It was not death, for I stood up (F355A, J510)

It was not Death, for
I stood up,
And all the Dead, lie down –
It was not Night, for all
the Bells
Put out their Tongues, for Noon.

It was not Frost, for on my +Flesh   + Knees
I felt Siroccos – crawl –
Nor Fire – for just  my+  marble feet   +tw0
Could keep a Chancel, cool –

And yet, it tasted, like
them all,
The Figures I have seen
Set orderly, for Burial,
Reminded me, of mine –

As if my life were shaven,
And fitted to a frame,
And could not breathe
without a key,
And ’twas like Midnight,
some –

When everything that ticked –
has stopped –
And space stares – all around –
Or Grisly frosts – first Au –
tumn morns,
Repeal the Beating Ground –

But, most, like Chaos –
Stopless – cool –
Without a Chance, or spar –
Or even a Report of Land –
To justify – Despair.

Link to EDA manuscript. Originally in Amherst Manuscript #fascicle 85. First published in Poems (1891), 222-23, with the alternatives not adopted. Courtesy of Amherst College, Amherst, MA.

Franklin dates this poem to summer 1862. Dickinson copied it into Fascicle 17. It is not usually considered a poem about the Civil War, but we follow Cristanne Miller’s lead in putting it into a war context, especially in relation to Dickinson’s response to the death of Frazar Stearns.

This harrowing poem revolves around an unnamed state, “It,” and what It is “not.” Definition through negative, as if the speaker’s state of feeling is so extreme, it cannot be named. The critical history of reading this poem draws on the biographical context of Dickinson’s suffering in love, her religious despair, her morbid response to death, or takes the poem to illuminate such aspects of her biography. But what if the poem’s speaker were a soldier traumatized by the horrendous experience of death and mutilation, which we know characterized Civil War battles? What if the poem were Dickinson’s attempt to dramatically capture the effects of that experience?

Maryanne Garbowsky comes close to this when she sees the poem paralleling “a panic attack in its physiological symptoms and its episodes of depersonalization where the victim is numb from extreme fear.” The speaker’s reference in stanza 1 to “all the dead” suggests not just one corpse in a coffin, as at a funeral, but many piled up or as the speaker says in stanza 3 “set orderly, for Burial,” as they would be in the aftermath of a battle, whether victory or defeat. Several photographs of Civil War battles illustrate just this kind of scene. Men in battle also describe time and sound stopping, and “chaos” taking over. And finally, the word “repeal” appears, in a slightly different form, in another poem of this period, which we discussed in the very first post and is most certainly about the war: “They dropped like Flakes” (F545A, J409). Dickinson’s first editors published this poem with the title, “The Battle-Field:”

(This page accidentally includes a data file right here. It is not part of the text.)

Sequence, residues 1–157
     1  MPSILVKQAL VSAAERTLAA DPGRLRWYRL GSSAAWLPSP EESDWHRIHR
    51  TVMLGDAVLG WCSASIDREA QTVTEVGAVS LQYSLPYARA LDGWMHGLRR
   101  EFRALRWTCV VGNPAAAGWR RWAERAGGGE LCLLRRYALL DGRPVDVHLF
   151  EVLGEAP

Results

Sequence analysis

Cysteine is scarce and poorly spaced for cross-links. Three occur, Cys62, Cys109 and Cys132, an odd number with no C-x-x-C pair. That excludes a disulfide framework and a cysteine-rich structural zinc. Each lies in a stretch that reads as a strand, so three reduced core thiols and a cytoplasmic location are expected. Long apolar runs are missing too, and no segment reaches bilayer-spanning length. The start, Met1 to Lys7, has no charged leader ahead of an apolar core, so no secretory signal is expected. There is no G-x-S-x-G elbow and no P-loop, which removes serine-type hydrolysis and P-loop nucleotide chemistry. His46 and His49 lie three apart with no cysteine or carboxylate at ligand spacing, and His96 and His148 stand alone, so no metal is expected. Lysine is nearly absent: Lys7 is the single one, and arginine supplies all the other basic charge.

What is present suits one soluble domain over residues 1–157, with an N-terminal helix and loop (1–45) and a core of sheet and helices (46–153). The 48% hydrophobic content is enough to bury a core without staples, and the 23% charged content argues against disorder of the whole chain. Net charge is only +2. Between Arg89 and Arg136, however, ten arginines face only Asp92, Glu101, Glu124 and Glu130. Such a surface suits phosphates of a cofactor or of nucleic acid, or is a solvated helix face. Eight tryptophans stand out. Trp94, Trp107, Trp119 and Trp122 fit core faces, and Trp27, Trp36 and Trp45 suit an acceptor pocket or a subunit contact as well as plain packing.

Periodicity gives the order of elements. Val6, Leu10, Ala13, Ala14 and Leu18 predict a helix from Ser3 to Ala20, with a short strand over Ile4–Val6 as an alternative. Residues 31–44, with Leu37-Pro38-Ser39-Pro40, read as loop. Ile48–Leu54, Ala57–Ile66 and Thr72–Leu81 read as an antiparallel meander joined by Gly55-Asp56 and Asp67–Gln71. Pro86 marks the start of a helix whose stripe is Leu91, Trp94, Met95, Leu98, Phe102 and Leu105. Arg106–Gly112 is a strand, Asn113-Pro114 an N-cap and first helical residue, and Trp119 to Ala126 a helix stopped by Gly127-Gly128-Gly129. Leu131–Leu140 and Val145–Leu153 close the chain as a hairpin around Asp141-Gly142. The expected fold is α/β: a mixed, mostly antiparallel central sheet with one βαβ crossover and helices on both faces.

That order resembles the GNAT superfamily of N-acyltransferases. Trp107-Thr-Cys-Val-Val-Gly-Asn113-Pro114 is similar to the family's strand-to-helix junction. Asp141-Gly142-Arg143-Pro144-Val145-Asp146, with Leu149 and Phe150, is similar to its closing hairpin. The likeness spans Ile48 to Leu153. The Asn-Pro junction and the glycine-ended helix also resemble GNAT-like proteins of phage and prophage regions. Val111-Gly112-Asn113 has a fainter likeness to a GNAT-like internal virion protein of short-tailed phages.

They perished in the seamless Grass –
No eye could find the place –
But God can summon every face
On his Repealless – List.

Miller concludes:

Nothing makes this a war poem, and yet it powerfully evokes a state those who have survived battle might recognize.


  • Miller, Cristanne. Reading in Time: Emily Dickinson in the Nineteenth Century. Amherst: University of Massachusetts Press, 2012, 164-65.
  • Garbowsky, Maryanne. The House without a Door: A Study of Emily Dickinson and the Illness of Agoraphobia. Rutherford, N: Farleigh Dickinson University Press, 1989,  112-13.

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